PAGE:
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With masterful storytelling, Bergland and Hayes demonstrate how Lapham blended his ravenous curiosity with an equable temperament and a passion for detail to create a legacy that is still relevant today.
In this long overdue tribute to Wisconsin s first scientist, authors Martha Bergland and Paul G. Hayes explore the remarkable life and achievements of Increase Lapham (18111875). Lapham s ability to observe, understand, and meticulously catalog the natural world marked all of his work, from his days as a teenage surveyor on the Erie Canal to his last great contribution as state geologist.
Self-taught, Lapham mastered botany, geology, archaeology, limnology, mineralogy, engineering, meteorology, and cartography. A prolific writer, his 1844 guide to the territory was the first book published in Wisconsin. Asked late in life which field of science was his specialty, he replied simply, I am studying Wisconsin.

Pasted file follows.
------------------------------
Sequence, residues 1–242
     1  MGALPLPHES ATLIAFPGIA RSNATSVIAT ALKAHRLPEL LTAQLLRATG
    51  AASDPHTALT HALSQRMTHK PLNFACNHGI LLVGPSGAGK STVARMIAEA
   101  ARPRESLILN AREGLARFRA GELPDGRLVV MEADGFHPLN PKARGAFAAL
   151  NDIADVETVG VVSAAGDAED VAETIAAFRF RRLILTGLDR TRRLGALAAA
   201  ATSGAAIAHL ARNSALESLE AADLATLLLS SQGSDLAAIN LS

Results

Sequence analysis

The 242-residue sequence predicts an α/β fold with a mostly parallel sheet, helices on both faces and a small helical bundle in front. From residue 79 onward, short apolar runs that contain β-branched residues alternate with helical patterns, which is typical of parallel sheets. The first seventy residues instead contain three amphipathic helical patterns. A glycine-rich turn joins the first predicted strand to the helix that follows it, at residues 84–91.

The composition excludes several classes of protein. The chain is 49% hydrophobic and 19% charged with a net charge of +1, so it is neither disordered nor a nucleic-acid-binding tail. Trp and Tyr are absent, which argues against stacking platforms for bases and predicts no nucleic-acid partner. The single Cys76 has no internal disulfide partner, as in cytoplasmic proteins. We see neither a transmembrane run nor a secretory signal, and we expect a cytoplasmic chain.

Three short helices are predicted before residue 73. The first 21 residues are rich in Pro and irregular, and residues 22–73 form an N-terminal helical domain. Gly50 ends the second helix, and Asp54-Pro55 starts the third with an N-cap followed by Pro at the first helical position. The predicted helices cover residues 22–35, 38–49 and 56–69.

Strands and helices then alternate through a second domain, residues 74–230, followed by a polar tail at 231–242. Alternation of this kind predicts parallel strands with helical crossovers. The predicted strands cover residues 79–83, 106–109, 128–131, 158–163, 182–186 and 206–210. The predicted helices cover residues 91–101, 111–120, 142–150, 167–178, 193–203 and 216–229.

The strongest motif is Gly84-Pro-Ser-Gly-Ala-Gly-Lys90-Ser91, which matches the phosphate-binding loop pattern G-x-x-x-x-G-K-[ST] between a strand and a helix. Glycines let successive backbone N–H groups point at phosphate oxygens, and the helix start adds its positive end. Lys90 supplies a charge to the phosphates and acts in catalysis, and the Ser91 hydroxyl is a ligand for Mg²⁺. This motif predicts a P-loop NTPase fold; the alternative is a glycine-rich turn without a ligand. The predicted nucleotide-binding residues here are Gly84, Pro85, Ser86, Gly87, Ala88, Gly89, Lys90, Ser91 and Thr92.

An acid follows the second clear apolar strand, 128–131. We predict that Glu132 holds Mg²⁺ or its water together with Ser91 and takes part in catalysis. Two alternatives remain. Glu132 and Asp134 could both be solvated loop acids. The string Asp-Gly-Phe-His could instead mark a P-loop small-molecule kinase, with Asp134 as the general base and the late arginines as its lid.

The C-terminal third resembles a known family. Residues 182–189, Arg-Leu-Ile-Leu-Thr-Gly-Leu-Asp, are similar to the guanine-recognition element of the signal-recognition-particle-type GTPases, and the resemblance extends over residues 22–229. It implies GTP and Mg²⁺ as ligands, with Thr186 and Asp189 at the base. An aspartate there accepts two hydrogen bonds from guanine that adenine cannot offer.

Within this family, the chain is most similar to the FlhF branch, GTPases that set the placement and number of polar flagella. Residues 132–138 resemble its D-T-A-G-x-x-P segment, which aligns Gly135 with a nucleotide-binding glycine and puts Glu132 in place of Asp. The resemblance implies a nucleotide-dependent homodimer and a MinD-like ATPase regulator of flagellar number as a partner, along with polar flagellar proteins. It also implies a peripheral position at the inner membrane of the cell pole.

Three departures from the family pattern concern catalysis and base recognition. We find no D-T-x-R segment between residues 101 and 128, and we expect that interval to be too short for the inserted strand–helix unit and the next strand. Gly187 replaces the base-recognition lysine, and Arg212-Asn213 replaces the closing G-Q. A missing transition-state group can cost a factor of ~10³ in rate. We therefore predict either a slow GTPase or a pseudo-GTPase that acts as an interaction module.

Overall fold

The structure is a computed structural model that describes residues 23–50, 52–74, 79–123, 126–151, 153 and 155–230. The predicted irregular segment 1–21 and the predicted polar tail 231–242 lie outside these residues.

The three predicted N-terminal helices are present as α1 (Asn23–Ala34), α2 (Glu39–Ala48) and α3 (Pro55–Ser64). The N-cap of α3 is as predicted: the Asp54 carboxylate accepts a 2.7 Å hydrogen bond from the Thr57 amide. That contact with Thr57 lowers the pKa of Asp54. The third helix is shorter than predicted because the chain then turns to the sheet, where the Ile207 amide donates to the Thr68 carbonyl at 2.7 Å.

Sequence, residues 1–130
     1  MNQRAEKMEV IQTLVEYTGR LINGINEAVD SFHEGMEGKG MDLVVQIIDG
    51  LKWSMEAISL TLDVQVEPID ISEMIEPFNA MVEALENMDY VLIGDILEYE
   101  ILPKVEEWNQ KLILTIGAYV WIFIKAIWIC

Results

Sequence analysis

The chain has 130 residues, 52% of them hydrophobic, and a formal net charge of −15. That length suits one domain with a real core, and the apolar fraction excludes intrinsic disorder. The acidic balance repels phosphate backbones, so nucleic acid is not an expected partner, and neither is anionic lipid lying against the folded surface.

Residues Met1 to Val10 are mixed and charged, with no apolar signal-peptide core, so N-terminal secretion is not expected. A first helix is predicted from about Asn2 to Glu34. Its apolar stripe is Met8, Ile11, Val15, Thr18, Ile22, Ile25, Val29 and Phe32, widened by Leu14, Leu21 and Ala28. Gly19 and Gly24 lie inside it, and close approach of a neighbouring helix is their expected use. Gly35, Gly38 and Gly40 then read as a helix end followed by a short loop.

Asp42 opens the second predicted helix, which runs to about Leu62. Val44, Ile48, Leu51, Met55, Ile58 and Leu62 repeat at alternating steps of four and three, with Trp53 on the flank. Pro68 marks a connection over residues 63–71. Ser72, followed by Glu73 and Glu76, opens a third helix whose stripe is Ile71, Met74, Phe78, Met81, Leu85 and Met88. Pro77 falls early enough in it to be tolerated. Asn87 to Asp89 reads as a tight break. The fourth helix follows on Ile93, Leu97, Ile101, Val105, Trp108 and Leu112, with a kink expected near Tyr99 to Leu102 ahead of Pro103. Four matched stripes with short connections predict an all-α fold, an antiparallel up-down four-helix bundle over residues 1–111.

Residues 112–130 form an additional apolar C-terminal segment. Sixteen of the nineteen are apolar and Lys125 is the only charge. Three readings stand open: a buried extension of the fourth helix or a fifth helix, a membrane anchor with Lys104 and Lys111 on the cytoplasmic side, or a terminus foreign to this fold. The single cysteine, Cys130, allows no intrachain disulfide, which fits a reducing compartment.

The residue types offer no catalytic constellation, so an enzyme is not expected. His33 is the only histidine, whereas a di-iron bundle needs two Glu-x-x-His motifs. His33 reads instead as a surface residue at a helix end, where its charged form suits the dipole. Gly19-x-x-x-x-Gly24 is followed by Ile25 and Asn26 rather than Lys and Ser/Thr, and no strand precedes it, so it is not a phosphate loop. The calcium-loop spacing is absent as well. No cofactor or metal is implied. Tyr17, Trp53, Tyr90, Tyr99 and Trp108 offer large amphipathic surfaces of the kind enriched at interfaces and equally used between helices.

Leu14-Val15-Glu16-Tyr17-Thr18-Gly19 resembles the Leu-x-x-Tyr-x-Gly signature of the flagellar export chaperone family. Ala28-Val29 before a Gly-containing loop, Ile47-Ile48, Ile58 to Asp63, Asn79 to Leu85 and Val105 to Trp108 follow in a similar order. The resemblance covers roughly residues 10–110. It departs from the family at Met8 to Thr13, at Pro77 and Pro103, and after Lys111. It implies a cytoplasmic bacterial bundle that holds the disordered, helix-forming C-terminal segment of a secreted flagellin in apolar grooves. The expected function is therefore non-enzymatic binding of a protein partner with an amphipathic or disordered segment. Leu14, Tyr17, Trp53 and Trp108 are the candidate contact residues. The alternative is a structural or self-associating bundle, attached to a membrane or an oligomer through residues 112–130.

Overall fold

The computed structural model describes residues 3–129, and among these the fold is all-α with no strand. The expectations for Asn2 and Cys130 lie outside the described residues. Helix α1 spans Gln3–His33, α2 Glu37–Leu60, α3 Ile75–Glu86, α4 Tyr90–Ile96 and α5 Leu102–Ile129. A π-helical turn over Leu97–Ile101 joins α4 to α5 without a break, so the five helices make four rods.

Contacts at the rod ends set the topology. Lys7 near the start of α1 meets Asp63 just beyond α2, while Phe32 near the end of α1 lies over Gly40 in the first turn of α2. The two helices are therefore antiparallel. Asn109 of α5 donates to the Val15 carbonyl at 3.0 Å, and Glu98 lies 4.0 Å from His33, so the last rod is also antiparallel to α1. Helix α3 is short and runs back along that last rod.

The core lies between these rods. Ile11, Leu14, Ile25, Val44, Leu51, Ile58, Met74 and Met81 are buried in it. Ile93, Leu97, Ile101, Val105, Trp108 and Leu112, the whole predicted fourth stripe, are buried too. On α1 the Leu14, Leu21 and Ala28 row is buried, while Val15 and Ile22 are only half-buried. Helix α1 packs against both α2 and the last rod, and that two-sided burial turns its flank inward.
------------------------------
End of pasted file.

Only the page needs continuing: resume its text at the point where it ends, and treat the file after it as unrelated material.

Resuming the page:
Lapham identified and preserved thousands of botanical specimens. He surveyed and mapped Wisconsin s effigy mounds. He was a force behind the creation of the National Weather Service, lobbying for a storm warning system to protect Great Lakes sailors. Told in compelling detail through Lapham s letters, journals, books, and articles, Studying Wisconsin chronicles the life and times of Wisconsin s pioneer citizen-scientist."
|Publication Date||April 25, 2014|
|Primary Category||Biography & Autobiography/Scientists - General|